Lastly, it’s critical to get the timing and occasion before reaching out to your social influencers. While you could start a new campaign every month, there would likely be diminishing returns after the first event. Depending on the mission, the best times are:
For example, if your influencer is a cancer survivor and your organization is helping to find a cure for cancer, their remission date is an appealing anniversary. This type of appeal is powerful, the ethos is strong, and the campaign will be successful.
Having the ability to know what your donors care about and why they likely engaged with you in the first place will enable you to personalize your outreach. Tools like the GivingDNA Platform make creating targeted donor segments easy and affordable.
After your social media influencers have launched a fundraiser on your behalf to their network, you’ll need a plan for what to do with the newly acquired names to your file. While there are no transaction fees for the Facebook giving tools, you do lose out on information. Typically, Facebook only provides the first and last name of the donor and their email address. While this is valuable information because you can email them, there is not enough information to justify spending an extensive amount of time building that connection--yet.
Third-party data tools need more than an email address to match that donor record to more potential data points. For that, you’ll need a physical address as well.
With the physical address, third-party insight platforms can use this information to gain a wealth of valuable information beyond what you have imported.
Beyond that, the essential thing to differentiate is who gives to a Facebook fundraiser because they want to support a family member versus who donates because they are sympathetic to (and give to) other charitable organizations like yours. This difference will help you narrow down your efforts with those new to your file, giving you a better idea of who to engage and what messages will resonate with them.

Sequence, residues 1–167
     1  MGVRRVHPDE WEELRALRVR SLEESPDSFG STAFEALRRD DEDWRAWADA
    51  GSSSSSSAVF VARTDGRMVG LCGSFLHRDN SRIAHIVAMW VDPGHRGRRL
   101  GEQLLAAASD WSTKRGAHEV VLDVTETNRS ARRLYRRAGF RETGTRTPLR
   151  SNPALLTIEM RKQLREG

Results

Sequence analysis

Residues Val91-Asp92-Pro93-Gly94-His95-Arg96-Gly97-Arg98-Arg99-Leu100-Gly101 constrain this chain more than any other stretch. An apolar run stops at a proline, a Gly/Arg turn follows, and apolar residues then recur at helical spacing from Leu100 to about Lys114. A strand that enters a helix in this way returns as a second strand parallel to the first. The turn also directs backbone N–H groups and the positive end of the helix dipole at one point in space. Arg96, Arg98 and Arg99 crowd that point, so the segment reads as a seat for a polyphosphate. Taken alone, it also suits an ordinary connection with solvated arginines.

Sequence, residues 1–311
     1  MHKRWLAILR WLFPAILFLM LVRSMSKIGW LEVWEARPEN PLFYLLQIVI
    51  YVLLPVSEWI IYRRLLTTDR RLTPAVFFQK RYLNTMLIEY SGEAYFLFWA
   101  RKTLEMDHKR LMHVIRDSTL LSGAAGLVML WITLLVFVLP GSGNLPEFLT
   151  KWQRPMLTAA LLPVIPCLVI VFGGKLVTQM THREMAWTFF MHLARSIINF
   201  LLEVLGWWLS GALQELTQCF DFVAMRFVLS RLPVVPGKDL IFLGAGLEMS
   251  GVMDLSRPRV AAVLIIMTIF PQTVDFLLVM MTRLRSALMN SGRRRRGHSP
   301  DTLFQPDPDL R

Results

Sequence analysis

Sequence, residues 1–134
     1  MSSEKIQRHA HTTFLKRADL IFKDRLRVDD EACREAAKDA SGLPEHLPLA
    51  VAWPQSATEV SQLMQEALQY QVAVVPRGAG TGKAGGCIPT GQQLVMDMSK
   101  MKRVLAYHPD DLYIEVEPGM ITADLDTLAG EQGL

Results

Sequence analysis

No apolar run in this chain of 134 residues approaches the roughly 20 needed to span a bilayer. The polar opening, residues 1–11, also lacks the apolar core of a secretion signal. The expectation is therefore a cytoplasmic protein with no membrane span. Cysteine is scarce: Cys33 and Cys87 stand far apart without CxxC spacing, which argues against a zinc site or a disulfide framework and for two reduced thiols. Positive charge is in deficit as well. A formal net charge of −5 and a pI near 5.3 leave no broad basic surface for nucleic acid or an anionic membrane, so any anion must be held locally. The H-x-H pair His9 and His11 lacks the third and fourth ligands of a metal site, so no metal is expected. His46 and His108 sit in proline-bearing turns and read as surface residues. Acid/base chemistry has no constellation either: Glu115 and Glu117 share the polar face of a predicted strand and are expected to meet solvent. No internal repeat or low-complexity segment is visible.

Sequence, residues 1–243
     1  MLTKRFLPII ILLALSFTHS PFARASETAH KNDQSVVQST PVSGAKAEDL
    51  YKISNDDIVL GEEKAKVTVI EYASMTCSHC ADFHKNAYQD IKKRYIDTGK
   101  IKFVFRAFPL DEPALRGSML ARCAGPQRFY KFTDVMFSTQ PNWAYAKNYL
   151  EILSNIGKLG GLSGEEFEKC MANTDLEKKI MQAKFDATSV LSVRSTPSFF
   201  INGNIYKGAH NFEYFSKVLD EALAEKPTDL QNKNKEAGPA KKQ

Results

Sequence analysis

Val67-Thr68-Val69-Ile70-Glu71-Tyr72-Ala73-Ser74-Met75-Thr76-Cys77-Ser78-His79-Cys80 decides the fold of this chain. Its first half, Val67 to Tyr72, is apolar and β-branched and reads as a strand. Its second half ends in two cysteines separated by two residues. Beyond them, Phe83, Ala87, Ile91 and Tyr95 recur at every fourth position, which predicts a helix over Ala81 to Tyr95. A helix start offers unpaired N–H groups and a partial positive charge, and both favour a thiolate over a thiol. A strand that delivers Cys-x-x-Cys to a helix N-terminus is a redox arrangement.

Facebook fundraisers are a powerful avenue of acquiring new donors, but you need the right tools to identify the right people. If you still have any questions about fundraising on social media, https://www.goodunited.io/ is a great resource. Get in touch!
About the Author:
Rebecca Segovia, Executive Vice President GivingDNA Platform
With over two decades of leadership experience spanning the disciplines of marketing, fundraising, and technology, Rebecca “Becca” Segovia is a seasoned fundraising executive with a strong vision and passion to help nonprofits reach more donors and raise more dollars to further their mission. At Pursuant, Becca is a creative leader providing guidance across client services, marketing and sales to help nonprofit organizations achieve breakthrough results. She has a special affinity for omni-channel and relationship-based fundraising strategies aimed at increasing donor lifetime value and nonprofit health.